"How good it is to play this quintet, to play it, not to work at it -- to play for our own joy, with no need to convey anything to anyone outside our ring of re-creation, with no expectation of a future stage, of the too-immediate sop of applause. The quintet exists without us yet cannot exist without us. It sings to us, we sing into it, and somehow, through these little black and white insects clustering along five thin lines, the man who deafly transfigured what he so many years earlier had hearingly composed speaks into us across land and water and ten generations, and fills us here with sadness, here with amazed delight.
For me there is another presence in this music. As the sense of her might fall on my retina through two sheets of moving glass, so too through this maze of motes converted by our arms into vibration -- sensory, sensuous -- do I sense her being again. The labyrinth of my ear shocks the coils of my memory. Here is her force in my arm, here is her spirit in my pulse. But where she is I do not know, nor is there hope I will." An Equal Music, Vikram Seth.
Wow. Just wow.
To me, there is a particular incomparable beauty in novels when the writing is lyrical, when it flows and dips and suits the story perfectly, when it makes you gasp with delight, sigh with envy, at the pure skill displayed by the author. I can only hope to be able to write as well as Vikram Seth when I am older, because I always seek to embody that sense of lyricism. I want people to be swept up by my writing; I want them to gasp with delight at a clever turn of phrase, I want them to feel a physical ache in their chest when they read a particular poignant line that perhaps speaks to their own sense of sorrow. I don't seek to be a mere "workman" of prose; I want to make it into something beautiful.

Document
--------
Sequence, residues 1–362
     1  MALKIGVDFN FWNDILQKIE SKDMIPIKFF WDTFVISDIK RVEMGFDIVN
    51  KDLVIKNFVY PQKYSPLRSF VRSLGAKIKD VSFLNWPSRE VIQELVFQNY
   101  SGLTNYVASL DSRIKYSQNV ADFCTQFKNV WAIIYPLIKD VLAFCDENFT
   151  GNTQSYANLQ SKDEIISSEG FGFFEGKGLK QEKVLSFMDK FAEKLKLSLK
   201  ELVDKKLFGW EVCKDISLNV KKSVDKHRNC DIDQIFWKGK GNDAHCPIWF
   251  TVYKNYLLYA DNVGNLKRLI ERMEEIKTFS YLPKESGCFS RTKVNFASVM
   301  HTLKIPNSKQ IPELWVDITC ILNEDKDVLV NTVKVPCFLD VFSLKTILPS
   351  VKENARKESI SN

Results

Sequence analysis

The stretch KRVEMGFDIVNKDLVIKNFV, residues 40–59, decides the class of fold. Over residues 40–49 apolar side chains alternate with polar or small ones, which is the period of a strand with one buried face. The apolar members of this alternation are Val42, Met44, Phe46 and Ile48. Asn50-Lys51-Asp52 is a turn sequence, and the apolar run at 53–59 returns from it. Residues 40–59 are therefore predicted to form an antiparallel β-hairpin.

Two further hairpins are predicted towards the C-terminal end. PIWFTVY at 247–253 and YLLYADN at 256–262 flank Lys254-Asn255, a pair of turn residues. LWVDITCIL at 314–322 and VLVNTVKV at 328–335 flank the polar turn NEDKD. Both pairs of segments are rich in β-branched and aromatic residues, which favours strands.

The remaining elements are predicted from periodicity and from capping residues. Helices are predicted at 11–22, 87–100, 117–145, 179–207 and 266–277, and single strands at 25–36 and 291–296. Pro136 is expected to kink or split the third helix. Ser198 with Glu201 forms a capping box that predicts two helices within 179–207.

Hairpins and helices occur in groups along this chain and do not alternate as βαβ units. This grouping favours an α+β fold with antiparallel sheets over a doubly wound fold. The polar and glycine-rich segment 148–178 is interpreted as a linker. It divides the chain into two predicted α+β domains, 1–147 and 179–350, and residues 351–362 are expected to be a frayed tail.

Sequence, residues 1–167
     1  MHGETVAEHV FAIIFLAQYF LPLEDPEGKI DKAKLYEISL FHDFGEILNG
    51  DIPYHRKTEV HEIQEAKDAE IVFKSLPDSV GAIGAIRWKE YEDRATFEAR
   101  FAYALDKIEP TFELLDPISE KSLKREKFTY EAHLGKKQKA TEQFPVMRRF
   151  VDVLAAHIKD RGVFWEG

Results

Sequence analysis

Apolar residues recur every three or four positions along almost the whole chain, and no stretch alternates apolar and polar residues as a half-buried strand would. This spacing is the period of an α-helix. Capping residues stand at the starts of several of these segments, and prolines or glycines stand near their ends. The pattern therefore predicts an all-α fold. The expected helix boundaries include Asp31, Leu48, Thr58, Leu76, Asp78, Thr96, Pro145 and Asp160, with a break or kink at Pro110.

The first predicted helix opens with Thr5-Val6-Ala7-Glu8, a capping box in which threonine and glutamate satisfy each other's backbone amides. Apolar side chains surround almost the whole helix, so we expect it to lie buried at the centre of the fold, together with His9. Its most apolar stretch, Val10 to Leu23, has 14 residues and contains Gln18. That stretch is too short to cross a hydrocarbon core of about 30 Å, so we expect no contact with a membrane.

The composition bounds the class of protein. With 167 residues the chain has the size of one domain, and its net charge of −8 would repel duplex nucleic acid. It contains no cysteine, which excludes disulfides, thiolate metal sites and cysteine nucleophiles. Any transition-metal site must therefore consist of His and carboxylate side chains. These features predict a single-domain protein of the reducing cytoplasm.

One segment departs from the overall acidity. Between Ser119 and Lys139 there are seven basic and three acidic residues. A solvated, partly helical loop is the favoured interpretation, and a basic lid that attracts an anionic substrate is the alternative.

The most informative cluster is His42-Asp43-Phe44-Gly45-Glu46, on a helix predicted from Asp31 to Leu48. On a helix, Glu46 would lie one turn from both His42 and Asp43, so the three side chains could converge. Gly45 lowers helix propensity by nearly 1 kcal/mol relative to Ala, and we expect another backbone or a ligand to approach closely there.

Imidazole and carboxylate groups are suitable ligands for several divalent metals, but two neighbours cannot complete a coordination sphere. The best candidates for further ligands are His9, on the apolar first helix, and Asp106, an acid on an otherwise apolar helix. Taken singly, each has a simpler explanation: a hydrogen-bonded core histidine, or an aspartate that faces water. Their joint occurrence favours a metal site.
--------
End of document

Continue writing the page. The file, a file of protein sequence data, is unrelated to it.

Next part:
The authors I've been reading recently -- C. S. Lewis, Erin Morgenstern, Vikram Seth -- have such a way with words. It takes my breath away. Their stories are all so different, their lives diverge in innumerable ways, and yet, there is much of that same skill. I find myself stopping, rereading passages, just to focus on the beauty of their words.
I'm well aware that my writing has a long way to go. I tend to be rather cliched in my terminology and phrasing. I'm not quite as good as description as I would like. Perhaps I would say that I am better at writing than most people my age, but I know that there is so much room for improvement. Reading more frequently has shown me that; it's given me something to aspire to. My writing is not quite workmanlike, not quite poetic. It's somewhere in the middle. I enjoy my writing style, but it's yet to mature. I know where I need to change, where I need to tighten things up. And by reading, I see how other authors achieve the effect I want in my own writing, and it's teaching me so much.
That passage I quoted is too lovely for words, don't you think? The subtle turns of phrases ("deafly," "hearingly"). The metaphor ("these little black and white insects clustering along five thin lines"). The delightful expression of sadness and joy in turn. The craftsmanship in the sentences: "The labyrinth in my ear shocks the coils of my memory." Those two paragraphs are only a hint of the writing that's pervaded this novel through the last eighty pages. It's not so much the plot that keeps my attention, but it's the descriptions -- of his life, of the joys of music, of the sorrows of love lost and so longed for after so many years. Beautiful. The rest of the novel is sure to contain some more lovely writing as well. I just want to soak in it because Vikram Seth does make me feel every word. If only I could have that sort of skill. It's my ultimate goal as a writer.